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The Scarlet & Black

The Scarlet & Black

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Feven Getachew
May 6, 2024
Michael Lozada
Michael Lozada
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Nathan Hoffman
Nathan Hoffman
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Harvey Wilhelm `24.
Harvey Wilhelm
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S&B Cribs: “La Casa Matta”

A short walk south from campus and across Sixth Avenue takes one from the Burling Library to High Street. Situated amid the contrast of weekday studying at Burling and weekend High Street partying, “La Casa Matta,” 1021 High Street, the home of Mithila Iyer, Sofia Mendez, Vivien Makos, Mariam Nadiradze and Ana Segebre, currently studying abroad, all ’19.

Tinged in beige and brown, La Casa Matta stands out from the other houses on High Street due to its comparatively small size and proximity to campus. With walls of vibrant red, purple, green and more within — upon which hang several artworks created by Mendez — the house of these fourth-years produces a warm, artistic feel.

“A good friend of mine lived here last year, and I thought it was a really cute house when I visited,” said Iyer. “I think, you [the other housemates] can also speak for this, it is very close to campus as it is right across the Burling, Bucksbaum. I do a lot of theater, Sofi [Mendez] does a lot of art.”

“And I am an art history major,” Makos said. Nadiradze, despite being a computer science major, also agreed with the others on the benefit of living so close to campus by citing a relatively close distance to the Noyce Science Center.

Regarding their reasons behind choosing to live off-campus for their last year at the College, the housemates had their own unique reasons, one of which was the money saved not paying room and board.

“I moved here because I wanted to move in with my friends, but also, my family wanted to save some money,” Makos said. “It is much cheaper to live here; I have saved my family about a thousand dollars just by living here for a semester, and that was very important to them.”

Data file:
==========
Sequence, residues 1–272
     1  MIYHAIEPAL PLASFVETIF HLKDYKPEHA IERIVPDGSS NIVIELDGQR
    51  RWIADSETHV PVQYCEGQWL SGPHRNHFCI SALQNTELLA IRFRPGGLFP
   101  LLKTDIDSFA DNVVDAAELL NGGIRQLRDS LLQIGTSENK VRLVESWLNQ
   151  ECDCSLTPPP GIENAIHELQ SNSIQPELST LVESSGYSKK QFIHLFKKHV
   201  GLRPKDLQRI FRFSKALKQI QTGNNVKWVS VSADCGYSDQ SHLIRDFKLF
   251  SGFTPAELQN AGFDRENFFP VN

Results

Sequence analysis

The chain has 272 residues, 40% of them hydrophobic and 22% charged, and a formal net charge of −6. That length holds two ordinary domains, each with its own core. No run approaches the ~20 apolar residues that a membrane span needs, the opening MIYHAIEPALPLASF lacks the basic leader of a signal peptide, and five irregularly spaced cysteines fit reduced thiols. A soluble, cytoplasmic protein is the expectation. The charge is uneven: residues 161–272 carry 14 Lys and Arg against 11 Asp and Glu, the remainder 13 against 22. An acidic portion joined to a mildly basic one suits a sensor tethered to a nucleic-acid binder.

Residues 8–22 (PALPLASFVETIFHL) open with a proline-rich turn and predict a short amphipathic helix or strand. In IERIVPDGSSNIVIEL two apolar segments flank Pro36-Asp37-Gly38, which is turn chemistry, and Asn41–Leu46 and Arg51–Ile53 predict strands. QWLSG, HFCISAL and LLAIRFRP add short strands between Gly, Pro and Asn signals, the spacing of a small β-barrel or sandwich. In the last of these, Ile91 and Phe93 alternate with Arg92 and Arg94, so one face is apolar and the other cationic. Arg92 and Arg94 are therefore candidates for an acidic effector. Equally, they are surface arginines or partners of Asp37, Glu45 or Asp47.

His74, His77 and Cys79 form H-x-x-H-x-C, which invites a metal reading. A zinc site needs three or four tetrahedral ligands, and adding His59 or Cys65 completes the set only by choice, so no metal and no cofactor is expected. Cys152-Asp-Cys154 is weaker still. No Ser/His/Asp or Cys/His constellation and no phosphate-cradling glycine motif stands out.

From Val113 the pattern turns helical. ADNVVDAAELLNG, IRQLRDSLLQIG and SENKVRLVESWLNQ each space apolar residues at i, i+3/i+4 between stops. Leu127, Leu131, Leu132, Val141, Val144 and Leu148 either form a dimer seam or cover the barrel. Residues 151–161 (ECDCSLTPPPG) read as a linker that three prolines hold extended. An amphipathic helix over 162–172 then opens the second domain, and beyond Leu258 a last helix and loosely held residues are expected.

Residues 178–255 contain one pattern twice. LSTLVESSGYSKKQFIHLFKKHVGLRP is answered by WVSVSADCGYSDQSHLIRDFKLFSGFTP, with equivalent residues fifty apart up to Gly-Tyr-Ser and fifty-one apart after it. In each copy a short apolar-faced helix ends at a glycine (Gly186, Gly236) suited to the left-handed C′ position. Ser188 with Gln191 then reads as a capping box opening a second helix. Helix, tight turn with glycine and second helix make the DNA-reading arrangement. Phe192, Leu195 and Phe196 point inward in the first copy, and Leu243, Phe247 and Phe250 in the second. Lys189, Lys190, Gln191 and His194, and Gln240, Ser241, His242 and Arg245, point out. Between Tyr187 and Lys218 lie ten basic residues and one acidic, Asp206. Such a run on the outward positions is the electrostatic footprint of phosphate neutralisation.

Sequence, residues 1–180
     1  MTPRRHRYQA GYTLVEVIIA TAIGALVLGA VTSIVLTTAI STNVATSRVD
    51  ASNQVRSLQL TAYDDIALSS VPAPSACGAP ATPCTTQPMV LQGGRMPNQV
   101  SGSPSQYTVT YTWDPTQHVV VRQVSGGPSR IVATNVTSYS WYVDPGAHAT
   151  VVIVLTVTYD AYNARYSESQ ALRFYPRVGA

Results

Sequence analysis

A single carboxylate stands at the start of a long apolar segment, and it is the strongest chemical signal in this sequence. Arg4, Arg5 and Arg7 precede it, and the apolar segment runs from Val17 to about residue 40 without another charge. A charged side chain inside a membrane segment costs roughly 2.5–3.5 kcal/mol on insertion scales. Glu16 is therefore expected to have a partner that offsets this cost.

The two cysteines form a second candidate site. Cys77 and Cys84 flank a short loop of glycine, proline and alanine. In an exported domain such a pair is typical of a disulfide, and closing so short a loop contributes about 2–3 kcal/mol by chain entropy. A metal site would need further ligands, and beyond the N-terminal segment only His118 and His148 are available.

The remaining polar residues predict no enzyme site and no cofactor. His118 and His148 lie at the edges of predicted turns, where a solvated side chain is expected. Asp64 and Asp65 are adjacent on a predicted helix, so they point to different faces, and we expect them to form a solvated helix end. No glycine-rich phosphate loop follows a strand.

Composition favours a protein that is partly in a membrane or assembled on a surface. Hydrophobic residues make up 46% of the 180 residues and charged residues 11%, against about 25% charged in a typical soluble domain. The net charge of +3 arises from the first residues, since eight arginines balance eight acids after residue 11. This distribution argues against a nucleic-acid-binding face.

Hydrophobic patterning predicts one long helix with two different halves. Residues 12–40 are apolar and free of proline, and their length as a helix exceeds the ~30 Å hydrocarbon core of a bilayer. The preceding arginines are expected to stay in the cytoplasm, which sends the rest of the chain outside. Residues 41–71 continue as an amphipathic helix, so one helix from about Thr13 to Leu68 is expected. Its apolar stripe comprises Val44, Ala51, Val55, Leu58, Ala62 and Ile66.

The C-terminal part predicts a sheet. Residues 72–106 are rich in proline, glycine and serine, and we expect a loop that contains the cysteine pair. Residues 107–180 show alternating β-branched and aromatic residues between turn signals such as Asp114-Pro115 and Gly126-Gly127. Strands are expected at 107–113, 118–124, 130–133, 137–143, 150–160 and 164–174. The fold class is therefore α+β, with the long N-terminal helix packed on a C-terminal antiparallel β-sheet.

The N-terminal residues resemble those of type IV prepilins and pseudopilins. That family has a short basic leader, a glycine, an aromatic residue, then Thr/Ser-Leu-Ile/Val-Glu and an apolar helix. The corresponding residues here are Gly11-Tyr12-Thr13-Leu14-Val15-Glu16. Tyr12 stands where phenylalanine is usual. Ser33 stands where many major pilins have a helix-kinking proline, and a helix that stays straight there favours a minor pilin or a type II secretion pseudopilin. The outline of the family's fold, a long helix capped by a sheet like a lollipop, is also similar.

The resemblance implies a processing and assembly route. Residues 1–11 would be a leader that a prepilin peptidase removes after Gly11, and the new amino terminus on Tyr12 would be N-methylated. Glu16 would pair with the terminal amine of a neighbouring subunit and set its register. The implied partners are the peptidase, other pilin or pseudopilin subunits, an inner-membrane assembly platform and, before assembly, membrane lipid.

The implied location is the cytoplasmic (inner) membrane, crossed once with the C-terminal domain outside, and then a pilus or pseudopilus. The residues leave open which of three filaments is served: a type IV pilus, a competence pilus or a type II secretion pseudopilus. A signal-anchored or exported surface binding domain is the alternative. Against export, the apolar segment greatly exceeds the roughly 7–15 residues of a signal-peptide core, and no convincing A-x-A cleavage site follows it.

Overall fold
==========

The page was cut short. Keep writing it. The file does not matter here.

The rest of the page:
“Even by cooking for yourself, you save so much money,” Nadiradze said. “Plus, the whole cooking-for-yourself is just, like, very good or very frustrating.”

For other house residents, the draw of communal spaces filled with friends was an important reason to venture out of dorm living for their final year.

“I really like having common spaces, the living room and the kitchen,” Mendez said. “In dorms, you are in your room, and I like having spaces where you can hang out and work.” 

“Something that I also like is that senior year is a really stressful time, all across the board,” added Iyer. “Coming home at the end of the day and seeing these good, comforting faces can be really nice.” 

Living off-campus has provided the house mates with a taste of what awaits them in the world post-graduation. 

“Backpacking off of that, as a senior, it’s really nice to have your first experience in living in your own place with multiple roommates before you go off and potentially have to do that in a bigger city or a smaller living situation,” Makos said. “It has really taught me about myself and what my pet peeves are, and what I should look for a roommate in the future.” 

However, moving off campus also comes with a cost; in fact, it is called “La Casa Matta” or “the crazy house” in Italian, for a reason. In preparation for settling into the house, several exterminator visits were needed to deal with a cockroach infestation. Mendez, who had stayed in the house for the summer, gave the house the name in honor of this and other initial house mishaps. 

“We found a bat!” Iyer recounted.

When students consider moving off-campus, there are often these unexpected costs that pop up that were not previously responsibilities of students living on-campus, such as cleaning supplies and furniture. 

“The con of moving into a house is the prep of it,” Makos said. “I’d say that anyone considering living in a house should think about what is something that the entire house might generally need that you are going to have to pitch in for.”

All housemates of “La Casa Matta” have not only been close friends since their first year but also have had experiences of living together in previous years. Their chemistry helps create a sense of community and enjoy doing things together. 

“We try to do meals together every once in a while,” Mendez said. “We also watch movies and shows together. ‘La Casa de Las Flores;’ it’s a Netflix show.”

With several months remaining in their life at Grinnell, the residents of “La Casa Matta” are looking forward to more memories to come. 

The housemates of “La Casa Matta” gather on their porch. From left to right: Sofia Mendez, Mariam Nadiradze,Vivien Makos and Mithila Iyer, all ’19. Not pictured, Ana Segebre ’19.
Photo by Tommy Lee
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